Thomas Vicars (1589 – 1638) was a 17th-century English theologian and rhetorician.
The English people are a nation and an ethnic group native to England who speak the English language. The English identity is of early medieval origin, when they were known in Old English as the Angelcynn. Their ethnonym is derived from the Angles, one of the Germanic peoples who migrated to Great Britain around the 5th century AD. England is one of the countries of the United Kingdom, and the majority of people living there are British citizens.
He was born in Carlisle in Cumberland (now Cumbria), the son of William and Eve Vicars. He entered Queen's College, Oxford in 1607 as a poor serving child. He then became a tabarder, chaplain and fellow within nine years. In 1622, he was admitted to the reading of the sentences. Recognised as a learned theologian, he entered the household of George Carleton, the Bishop of Chichester, whose step-daughter, Anne, the daughter of the sometime Ambassador to France, Henry Neville of Billingbear House in Berkshire, he married. Carleton made him Vicar of Cuckfield in West Sussex.
Cumberland is a historic county of North West England that had an administrative function from the 12th century until 1974. It was bordered by Northumberland to the east, County Durham to the southeast, Westmorland and Lancashire to the south, and the Scottish counties of Dumfriesshire and Roxburghshire to the north. It formed an administrative county from 1889 to 1974 and now forms part of Cumbria.
Cumbria is a ceremonial and non-metropolitan county in North West England. The county and Cumbria County Council, its local government, came into existence in 1974 after the passage of the Local Government Act 1972. Cumbria's county town is Carlisle, in the north of the county, and the only other major urban area is Barrow-in-Furness on the southwestern tip of the county.
His works include:
Fettiplace is an English family name of Norman descent, with at least 800 years of history. They were landed gentry, chiefly in the counties of Berkshire and Oxfordshire.
Childrey is a village and civil parish about 2 1⁄2 miles (4 km) west of Wantage in the Vale of White Horse. The parish was part of the Wantage Rural District in Berkshire until the 1974 boundary changes transferred the whole of the Vale of White Horse from Berkshire to Oxfordshire. The 2011 Census recorded the parish population as 582.
John Fettiplace (1583–1658) was an English politician who sat in the House of Commons at various times between 1626 and 1644. He supported the Royalist cause in the English Civil War.
In 1628 Vicars published the third edition of his book, written in Latin, on Rhetoric (Manuductio ad artem rhetoricam). In this edition he referred to Shakespeare indirectly: “the famous poet who takes his name from shaking and spear…”. In Latin the words are “quassatione & hasta”. This disguised reference suggests he knew this was a pseudonym. He had married Anne Neville (b1610), daughter of Henry Neville (1562-1615) who is a Shakespeare Authorship candidate. If Neville was the Bard this veiled reference to his pseudonym by his son-in-law makes sense.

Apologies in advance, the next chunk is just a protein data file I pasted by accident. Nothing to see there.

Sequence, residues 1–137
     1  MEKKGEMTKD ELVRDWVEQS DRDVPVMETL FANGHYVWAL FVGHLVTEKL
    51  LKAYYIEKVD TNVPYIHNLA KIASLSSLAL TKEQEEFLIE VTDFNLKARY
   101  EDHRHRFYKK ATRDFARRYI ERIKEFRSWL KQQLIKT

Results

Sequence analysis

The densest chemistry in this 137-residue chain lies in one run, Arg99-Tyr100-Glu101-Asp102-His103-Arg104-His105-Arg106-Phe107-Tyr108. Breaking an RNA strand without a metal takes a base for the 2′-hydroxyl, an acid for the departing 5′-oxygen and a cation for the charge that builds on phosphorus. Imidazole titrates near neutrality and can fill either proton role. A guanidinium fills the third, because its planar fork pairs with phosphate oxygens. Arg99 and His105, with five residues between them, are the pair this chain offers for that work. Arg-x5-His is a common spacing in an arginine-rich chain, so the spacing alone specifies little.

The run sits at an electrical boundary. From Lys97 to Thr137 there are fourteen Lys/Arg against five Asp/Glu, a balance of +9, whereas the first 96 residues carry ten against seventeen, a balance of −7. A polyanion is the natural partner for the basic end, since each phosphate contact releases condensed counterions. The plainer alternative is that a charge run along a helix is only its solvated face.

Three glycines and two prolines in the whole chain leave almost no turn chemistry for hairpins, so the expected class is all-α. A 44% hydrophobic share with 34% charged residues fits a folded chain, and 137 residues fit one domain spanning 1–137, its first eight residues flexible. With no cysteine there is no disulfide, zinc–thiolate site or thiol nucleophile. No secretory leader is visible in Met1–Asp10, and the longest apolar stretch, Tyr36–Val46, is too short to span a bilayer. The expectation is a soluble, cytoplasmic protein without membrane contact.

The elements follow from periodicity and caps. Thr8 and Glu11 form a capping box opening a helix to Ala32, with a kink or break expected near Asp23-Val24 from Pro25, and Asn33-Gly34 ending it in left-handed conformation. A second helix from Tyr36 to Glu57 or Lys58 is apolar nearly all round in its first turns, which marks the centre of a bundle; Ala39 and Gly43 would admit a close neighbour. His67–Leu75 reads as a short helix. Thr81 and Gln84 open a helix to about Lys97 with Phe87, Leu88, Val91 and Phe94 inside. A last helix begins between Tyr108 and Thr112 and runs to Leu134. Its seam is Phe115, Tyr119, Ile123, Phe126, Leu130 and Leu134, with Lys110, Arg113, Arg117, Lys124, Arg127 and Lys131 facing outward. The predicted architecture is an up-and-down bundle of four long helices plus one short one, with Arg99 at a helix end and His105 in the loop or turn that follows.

Anne Neville was an English queen, the daughter of Richard Neville, 16th Earl of Warwick. She became Princess of Wales as the wife of Edward of Westminster and then Queen of England as the wife of King Richard III.
Sir Nicholas Bacon was an English politician during the reign of Queen Elizabeth I of England, notable as Lord Keeper of the Great Seal. He was the father of the philosopher and statesman Sir Francis Bacon.
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Catherine Carey, after her marriage Catherine Knollys and later known as both Lady Knollys and Dame Catherine Knollys,, was chief Lady of the Bedchamber to Queen Elizabeth I, who was her first cousin.
Anne Beauchamp, 16th Countess of Warwick was the daughter of Richard Beauchamp, 13th Earl of Warwick, and his second wife Isabel le Despenser, a daughter of Thomas le Despenser and Constance of York. Anne Beauchamp was the mother of Anne Neville, Queen consort of England as the spouse of King Richard III.
Sir Henry Neville was an English courtier, politician and diplomat, noted for his role as ambassador to France and his unsuccessful attempts to negotiate between James I of England and the Houses of Parliament. In 2005 Neville was put forward as a candidate for the authorship of Shakespeare's works.
William Cecil, 2nd Earl of Exeter,, known as the third Lord Burghley from 1605 to 1623, was an English nobleman, politician, and peer.
Alice Montagu was an English noblewoman and the suo jure 5th Countess of Salisbury, 6th Baroness Monthermer, and 7th and 4th Baroness Montagu, having succeeded to the titles in 1428. Her husband, Richard Neville became 5th Earl of Salisbury by right of his marriage to Alice.
Sir John Norreys was an important member of the English court during the reign of the House of Tudor.
Richard Neville served in the English Civil War as a Royalist. He came to prominence as commander at the First Battle of Newbury in 1643 when he commanded the Royalist troops.
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Christopher Villiers, 1st Earl of Anglesey, known at court as Kit Villiers, was an English courtier, Gentleman of the Bedchamber and later Master of the Robes to King James I. In 1623 he was ennobled as Earl of Anglesey and Baron Villiers of Daventry.
Anthony Wood, who styled himself Anthony à Wood in his later writings, was an English antiquary.
Sir Sidney Lee was an English biographer, writer and critic.
The Dictionary of National Biography (DNB) is a standard work of reference on notable figures from British history, published since 1885. The updated Oxford Dictionary of National Biography (ODNB) was published on 23 September 2004 in 60 volumes and online, with 50,113 biographical articles covering 54,922 lives.